A Washington Post story on the online shooting threat targeting the University of Chicago originally omitted the information that the message was racially-tinged and threatened to kill “white devils.”
The original Post story was published early Monday when details were still sparse about the nature of the threat. But when investigators released the text of the threat later in the afternoon, The Post updated their story:
“A suspect has been arrested after a top-ranked university had to cancel classes due to a threat of gun violence against its campus community… [Jabari Dean] allegedly wrote a social media post over Thanksgiving weekend in which he stated that he would execute approximately sixteen students or staff members on the campus quad Monday, according to the prosecutor’s office, which cited a complaint and affidavit filed in court.”
But as The Daily Caller’s Evan Gahr first noted, the story as written seemed to exclude the fact that Dean was black, and that he didn’t just promise to execute anyone, he promised to kill white males and any white policemen who came after him:
I will be armed with an M-4 carbine and two desert eagles, all fully loaded. I will execute approximately 16 white male students and or staff… I will then die killing any number of white policeman in the process. This is not a joke. I am [sic] to do my part and rid the world of white devils.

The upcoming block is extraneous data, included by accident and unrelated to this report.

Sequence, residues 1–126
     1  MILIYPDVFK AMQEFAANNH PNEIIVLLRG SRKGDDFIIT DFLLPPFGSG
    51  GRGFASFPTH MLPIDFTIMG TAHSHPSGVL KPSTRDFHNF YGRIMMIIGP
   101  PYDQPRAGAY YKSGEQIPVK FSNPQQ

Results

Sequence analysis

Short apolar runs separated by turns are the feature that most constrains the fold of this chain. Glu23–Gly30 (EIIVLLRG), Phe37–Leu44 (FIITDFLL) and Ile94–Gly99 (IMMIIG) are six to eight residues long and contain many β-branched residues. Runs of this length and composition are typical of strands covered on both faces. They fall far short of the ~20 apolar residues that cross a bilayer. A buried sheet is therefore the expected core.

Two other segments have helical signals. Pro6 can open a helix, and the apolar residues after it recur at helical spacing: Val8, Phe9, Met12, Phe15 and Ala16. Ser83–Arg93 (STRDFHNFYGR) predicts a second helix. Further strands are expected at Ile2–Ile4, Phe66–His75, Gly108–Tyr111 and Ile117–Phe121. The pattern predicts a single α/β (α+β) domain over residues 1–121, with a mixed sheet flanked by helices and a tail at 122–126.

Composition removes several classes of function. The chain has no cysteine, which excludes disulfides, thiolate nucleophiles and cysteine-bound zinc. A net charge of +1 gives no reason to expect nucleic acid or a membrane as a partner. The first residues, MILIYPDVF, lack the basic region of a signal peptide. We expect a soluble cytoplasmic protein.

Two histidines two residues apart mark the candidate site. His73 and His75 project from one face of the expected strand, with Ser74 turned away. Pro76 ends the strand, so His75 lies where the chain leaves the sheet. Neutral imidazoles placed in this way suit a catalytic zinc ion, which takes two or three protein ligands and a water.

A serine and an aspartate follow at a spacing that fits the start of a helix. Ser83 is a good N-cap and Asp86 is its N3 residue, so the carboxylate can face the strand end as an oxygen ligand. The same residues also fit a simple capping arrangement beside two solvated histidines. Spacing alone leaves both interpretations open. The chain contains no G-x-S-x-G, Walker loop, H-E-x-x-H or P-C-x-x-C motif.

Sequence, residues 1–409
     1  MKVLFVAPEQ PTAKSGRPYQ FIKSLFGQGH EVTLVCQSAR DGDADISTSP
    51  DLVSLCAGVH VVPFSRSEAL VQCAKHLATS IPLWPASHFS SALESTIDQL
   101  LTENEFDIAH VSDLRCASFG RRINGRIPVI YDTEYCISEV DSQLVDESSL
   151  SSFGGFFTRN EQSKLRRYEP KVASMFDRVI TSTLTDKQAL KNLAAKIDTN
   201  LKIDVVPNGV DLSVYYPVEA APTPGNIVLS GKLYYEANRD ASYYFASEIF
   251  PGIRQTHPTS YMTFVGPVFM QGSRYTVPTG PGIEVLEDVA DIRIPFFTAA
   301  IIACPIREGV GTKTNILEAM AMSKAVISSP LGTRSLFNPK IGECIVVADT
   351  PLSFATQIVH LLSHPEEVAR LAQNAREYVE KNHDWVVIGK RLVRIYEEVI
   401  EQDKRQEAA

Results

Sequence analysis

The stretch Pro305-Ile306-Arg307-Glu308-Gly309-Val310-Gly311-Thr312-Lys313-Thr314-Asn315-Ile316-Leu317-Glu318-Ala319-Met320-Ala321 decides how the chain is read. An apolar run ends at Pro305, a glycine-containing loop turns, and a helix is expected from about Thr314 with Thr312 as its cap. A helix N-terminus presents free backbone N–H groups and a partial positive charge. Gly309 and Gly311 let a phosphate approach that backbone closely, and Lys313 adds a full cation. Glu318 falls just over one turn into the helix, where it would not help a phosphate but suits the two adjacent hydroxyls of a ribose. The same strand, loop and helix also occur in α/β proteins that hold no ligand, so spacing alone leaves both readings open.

Most outlets that covered the development (Mediaite included) focused on that rather pertinent fact.
When Gahr contacted The Post asking for an explanation, he got no response. But the next day, The Post edited the story to include the racial elements of the threat. Even the headline was updated to “Man arrested for threatening to kill ‘white devils’ at the University of Chicago.”
Some evidence of the original edit still remains; the top comments on the Post piece still all reflect dissatisfaction with the omission. “This newspaper continues to embarrass themselves… you are the definition of a media ‘hack’ for not including this crucial information in your story,” the top-rated comment complains. “Never trust the Washington Post to tell you the entire story.”
[Image via screengrab]
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